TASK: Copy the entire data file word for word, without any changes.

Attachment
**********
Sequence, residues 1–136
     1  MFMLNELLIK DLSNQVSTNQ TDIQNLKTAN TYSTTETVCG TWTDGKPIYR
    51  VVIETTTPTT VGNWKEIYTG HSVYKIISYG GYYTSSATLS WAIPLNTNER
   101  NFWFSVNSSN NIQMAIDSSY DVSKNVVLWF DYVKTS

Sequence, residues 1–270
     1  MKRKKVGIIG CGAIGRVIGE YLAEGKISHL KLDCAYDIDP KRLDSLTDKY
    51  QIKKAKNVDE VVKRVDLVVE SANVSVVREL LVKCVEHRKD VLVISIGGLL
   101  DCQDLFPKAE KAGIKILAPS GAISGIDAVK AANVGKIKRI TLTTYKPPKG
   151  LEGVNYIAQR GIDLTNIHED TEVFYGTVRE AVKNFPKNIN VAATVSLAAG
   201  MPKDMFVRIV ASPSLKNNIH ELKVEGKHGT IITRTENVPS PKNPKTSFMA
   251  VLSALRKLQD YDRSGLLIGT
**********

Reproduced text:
Sequence, residues 1–136
     1  MFMLNELLIK DLSNQVSTNQ TDIQNLKTAN TYSTTETVCG TWTDGKPIYR
    51  VVIETTTPTT VGNWKEIYTG HSVYKIISYG GYYTSSATLS WAIPLNTNER
   101  NFWFSVNSSN NIQMAIDSSY DVSKNVVLWF DYVKTS

Sequence, residues 1–270
     1  MKRKKVGIIG CGAIGRVIGE YLAEGKISHL KLDCAYDIDP KRLDSLTDKY
    51  QIKKAKNVDE VVKRVDLVVE SANVSVVREL LVKCVEHRKD VLVISIGGLL
   101  DCQDLFPKAE KAGIKILAPS GAISGIDAVK AANVGKIKRI TLTTYKPPKG
   151  LEGVNYIAQR GIDLTNIHED TEVFYGTVRE AVKNFPKNIN VAATVSLAAG
   201  MPKDMFVRIV ASPSLKNNIH ELKVEGKHGT IITRTENVPS PKNPKTSFMA
   251  VLSALRKLQD YDRSGLLIGT